Top News: Morsi Calls for National Reconciliation; Opposition Rejects Call

Morsi National Conference.jpg

During a conference of Islamist parties discussing the Nile Dam crisis on Monday, President Mohamed Morsi urged political groups to put their differences behind them and pursue comprehensive national reconciliation to face the myriad challenges currently facing Egypt.


Egypt ‘war’ talk raises Ethiopia Nile dam stakes; FM to visit Addis Ababa  
Egypt does not want war with Ethiopia but will keep "all options open", President Mohamed Morsi said on Monday during a conference of Islamist parties at Cairo’s International Conference Centre, turning up the heat in a dispute over a giant dam Addis Ababa is building across the Nile. In a televised speech to cheering Islamist supporters, Morsi voiced understanding for the development needs of poorer nations upstream in the Nile basin, but rammed home in emotive language that Egyptians will not accept any reduction in the flow of the river on which their civilization has been based for millennia. Speaking before members of the Shura Council on Monday, Prime Minister Hisham Qandil affirmed that the issue of Egypt’s access to Nile water was one of "national security" and "a matter of life and death." He added that Egypt does not approve of the dam on the basis of available data as it could pose a threat to Egypt’s water share and the volume of power generated from the High Dam. Meanwhile, Egypt’s foreign minister is to hold talks in Addis Ababa. [Reuters, SIS, Ahram Online, Egypt Independent, AP, 6/10/2013]

Morsi calls for national reconciliation; Opposition rejects call
During a conference of Islamist parties discussing the Nile Dam crisis on Monday, President Mohamed Morsi urged political groups to put their differences behind them and pursue comprehensive national reconciliation to face the myriad challenges currently facing Egypt. In response the National Salvation Front (NSF) and Dostour Party leader Mostafa al-Gendy rejected the call saying there is no longer time for negotiation and dialogue. NSF leader, Mohamed Aboul Ghar, indicated some readiness for dialogue if certain conditions were met. These include a cabinet reshuffle, the sacking of the culture and interior ministers, as well as the controversial prosecutor general. Mohamed Adel, a member of the April 6 Youth Movement’s political bureau, also announced on Tuesday his group’s rejection of a call by President Mohamed Morsi for national dialogue. Rebel campaign spokesperson Mahmoud Badr said that the president’s call for national reconciliation is an effort to distract the people’s attention from other problems, accusing him of using the crisis to boost his popularity. [Ahram Online, Egypt Independent, AP, 6/11/2013]

Tamarod proposes transitional roadmap
The Tamarod campaign plans to file a lawsuit accusing President Mohamed Morsi of “criminal impersonation” of the president as soon as they collect 15 million signatures. The campaign has prepared a transitional roadmap that they will present to the Supreme Constitutional Council (SCC) when they file the lawsuit. Campaign coordinator, Mahmoud Badr, announced through his Facebook page his refusal to meet with Catherine Ashton, High Representative of the Union for Foreign Affairs and Security Policy, stating that Tamarod was a campaign to empower the Egyptian people. Assem Abdel-Maged, a leading member of Egypt’s ultra-conservative al-Jama’a al-Islamiya movement, asserted on Sunday that the anti-government ‘Rebel’ (Tamarod) campaign planned to kill its own protesters during planned June 30 rallies in hopes of turning public opinion against President Mohamed Morsi and the Muslim Brotherhood group from which he hails. Meanwhile, Tagarod, a pro-Morsi campaign reported that it collected 10 million signatures and will hold their protests at the palace on the June 28. [DNE, AMAY, Ahram Online, 6/11/2013]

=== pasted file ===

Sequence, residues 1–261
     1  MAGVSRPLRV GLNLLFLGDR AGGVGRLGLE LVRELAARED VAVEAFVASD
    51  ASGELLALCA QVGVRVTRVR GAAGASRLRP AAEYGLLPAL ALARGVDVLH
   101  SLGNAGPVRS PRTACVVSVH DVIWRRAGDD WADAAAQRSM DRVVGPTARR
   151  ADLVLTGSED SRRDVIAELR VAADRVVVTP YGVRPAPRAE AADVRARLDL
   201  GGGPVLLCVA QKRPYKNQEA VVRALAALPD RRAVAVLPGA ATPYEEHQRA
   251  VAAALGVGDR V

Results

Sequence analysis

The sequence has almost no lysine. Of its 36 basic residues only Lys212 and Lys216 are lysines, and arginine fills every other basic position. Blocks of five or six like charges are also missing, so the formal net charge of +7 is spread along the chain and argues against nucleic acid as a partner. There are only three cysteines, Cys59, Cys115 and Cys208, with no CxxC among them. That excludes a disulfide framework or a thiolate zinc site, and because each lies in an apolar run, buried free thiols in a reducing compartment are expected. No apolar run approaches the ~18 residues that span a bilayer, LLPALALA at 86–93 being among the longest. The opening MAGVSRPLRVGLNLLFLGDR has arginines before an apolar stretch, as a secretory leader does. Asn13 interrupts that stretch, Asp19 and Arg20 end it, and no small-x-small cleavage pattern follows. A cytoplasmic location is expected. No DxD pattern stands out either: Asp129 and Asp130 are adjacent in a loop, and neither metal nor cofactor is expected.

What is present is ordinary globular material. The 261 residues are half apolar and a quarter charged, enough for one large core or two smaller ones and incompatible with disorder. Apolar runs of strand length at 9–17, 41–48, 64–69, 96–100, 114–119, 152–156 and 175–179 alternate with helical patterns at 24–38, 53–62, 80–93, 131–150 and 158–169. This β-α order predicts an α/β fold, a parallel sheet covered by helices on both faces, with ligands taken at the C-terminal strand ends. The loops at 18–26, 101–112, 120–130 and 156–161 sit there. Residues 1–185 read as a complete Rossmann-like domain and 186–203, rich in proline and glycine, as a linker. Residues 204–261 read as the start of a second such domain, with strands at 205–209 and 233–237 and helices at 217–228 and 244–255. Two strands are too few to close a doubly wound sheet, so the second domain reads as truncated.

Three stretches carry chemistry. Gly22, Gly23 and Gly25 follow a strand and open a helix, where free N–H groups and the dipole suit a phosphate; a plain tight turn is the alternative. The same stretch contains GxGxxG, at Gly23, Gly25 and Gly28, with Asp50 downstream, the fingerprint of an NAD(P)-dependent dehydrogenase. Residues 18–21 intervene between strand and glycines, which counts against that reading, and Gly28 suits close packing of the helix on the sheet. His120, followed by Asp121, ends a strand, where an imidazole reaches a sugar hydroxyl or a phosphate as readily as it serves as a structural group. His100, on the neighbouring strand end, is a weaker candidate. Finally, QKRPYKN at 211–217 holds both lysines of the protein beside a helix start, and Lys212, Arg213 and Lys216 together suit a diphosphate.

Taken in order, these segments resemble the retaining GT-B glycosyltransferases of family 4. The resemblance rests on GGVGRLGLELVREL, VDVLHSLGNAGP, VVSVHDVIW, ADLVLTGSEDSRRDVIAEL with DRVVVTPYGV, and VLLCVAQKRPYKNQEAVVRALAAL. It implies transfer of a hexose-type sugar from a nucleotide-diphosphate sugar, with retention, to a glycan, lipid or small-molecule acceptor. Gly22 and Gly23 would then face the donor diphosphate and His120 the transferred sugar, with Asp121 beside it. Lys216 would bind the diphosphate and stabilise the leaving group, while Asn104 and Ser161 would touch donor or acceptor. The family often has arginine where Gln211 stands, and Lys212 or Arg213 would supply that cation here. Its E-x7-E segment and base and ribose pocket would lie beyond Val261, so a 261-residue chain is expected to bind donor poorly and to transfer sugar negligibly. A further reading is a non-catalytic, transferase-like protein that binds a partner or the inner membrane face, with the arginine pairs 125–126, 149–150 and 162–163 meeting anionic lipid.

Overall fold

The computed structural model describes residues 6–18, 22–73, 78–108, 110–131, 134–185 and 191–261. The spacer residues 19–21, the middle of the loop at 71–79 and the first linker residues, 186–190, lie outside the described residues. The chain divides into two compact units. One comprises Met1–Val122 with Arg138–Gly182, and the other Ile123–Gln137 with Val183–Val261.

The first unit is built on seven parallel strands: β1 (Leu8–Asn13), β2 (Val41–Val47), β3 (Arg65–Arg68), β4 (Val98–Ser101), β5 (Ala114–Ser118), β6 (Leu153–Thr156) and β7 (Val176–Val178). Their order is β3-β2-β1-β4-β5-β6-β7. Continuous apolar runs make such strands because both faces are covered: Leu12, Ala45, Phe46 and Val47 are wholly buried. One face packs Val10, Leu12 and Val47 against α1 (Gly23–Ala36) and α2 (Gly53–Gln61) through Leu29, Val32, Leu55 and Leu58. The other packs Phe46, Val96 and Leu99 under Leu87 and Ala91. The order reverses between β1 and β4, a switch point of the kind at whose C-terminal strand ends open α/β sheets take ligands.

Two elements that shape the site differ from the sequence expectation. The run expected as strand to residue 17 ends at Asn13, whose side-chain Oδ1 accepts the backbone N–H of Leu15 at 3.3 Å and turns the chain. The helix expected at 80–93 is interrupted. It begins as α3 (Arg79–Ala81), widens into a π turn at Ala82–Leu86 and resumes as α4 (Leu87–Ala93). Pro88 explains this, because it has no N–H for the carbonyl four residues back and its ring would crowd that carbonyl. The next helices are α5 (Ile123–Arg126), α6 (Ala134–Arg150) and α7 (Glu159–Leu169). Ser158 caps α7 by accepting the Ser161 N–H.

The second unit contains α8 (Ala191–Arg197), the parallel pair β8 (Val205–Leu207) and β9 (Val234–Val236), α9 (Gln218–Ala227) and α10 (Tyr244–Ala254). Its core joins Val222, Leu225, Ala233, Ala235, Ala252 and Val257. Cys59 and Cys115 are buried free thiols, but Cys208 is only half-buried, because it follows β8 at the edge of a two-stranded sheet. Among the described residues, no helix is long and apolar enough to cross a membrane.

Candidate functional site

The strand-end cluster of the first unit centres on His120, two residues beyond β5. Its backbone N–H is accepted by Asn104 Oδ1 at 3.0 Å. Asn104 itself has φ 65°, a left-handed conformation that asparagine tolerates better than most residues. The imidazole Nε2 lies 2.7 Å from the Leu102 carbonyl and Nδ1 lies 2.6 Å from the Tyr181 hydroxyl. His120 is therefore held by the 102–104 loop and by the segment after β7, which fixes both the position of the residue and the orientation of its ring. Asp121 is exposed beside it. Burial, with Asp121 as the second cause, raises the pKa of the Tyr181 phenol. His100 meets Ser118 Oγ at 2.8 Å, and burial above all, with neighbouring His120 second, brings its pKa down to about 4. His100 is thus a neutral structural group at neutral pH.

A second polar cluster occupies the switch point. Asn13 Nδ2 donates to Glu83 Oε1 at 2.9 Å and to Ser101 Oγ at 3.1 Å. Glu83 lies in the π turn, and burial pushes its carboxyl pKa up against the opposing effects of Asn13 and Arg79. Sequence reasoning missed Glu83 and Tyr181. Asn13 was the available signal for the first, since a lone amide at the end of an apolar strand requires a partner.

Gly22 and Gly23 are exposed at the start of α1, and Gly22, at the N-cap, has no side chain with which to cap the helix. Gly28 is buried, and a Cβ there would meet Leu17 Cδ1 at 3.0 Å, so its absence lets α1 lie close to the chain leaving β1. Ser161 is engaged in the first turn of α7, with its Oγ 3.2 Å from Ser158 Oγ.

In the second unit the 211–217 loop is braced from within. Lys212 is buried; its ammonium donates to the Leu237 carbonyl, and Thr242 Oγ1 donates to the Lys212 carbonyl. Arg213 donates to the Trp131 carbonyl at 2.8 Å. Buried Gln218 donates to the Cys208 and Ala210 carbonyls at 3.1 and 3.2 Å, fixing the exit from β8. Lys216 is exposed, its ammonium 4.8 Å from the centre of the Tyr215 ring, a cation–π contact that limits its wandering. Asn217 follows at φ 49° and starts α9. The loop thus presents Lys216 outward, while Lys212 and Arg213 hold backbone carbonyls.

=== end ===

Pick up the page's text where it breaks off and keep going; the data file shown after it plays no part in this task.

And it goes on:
Also of Interest:
Egypt’s Popular Current denies forming alternative presidential council | Ahram Online
Islamist figure’s Coptic comments criticized by Egyptian opposition party | Ahram Online
Cabinet to discuss harsher penalties for attacks on police | Shorouk (Arabic)


Giza court orders release of Mubarak sons in stock market case

The Giza criminal court has released former president Hosni Mubarak’s sons Alaa and Gamal pending trial in a corruption case where they face accusations of stock market manipulation. However, the two will remain in detention despite the release order as they face additional charges in court. Alaa, Gamal, and six others were referred to the criminal court for violating stock market and central bank rules to gain LE2.051 billion worth of unlawful profits through dealings in shares of Egypt’s al-Watany Bank. The brothers face additional charges of illegally using funds allocated for expenditure on presidential palaces for their private villas. [Ahram Online, AMAY (Arabic), 6/11/2013]

Egyptian Christian teacher convicted of blasphemy
An Egyptian court has convicted a Coptic Christian teacher of blasphemy but didn’t hand down a prison sentence and only imposed a fine on her. The court on Tuesday ruled that elementary schoolteacher Dimyana Abdel Nour had insulted Islam. It ordered that she pay a fine of 100,000 Egyptian pounds ($14,000). Abdel Nour was not in the courtroom for the verdict. The case had been reported by three 10-year olds to their parents saying their teacher showed disgust when she spoke of Islam in class. [AP, Shorouk (Arabic), 6/11/2013]

NGO trial verdicts must be contested in legal context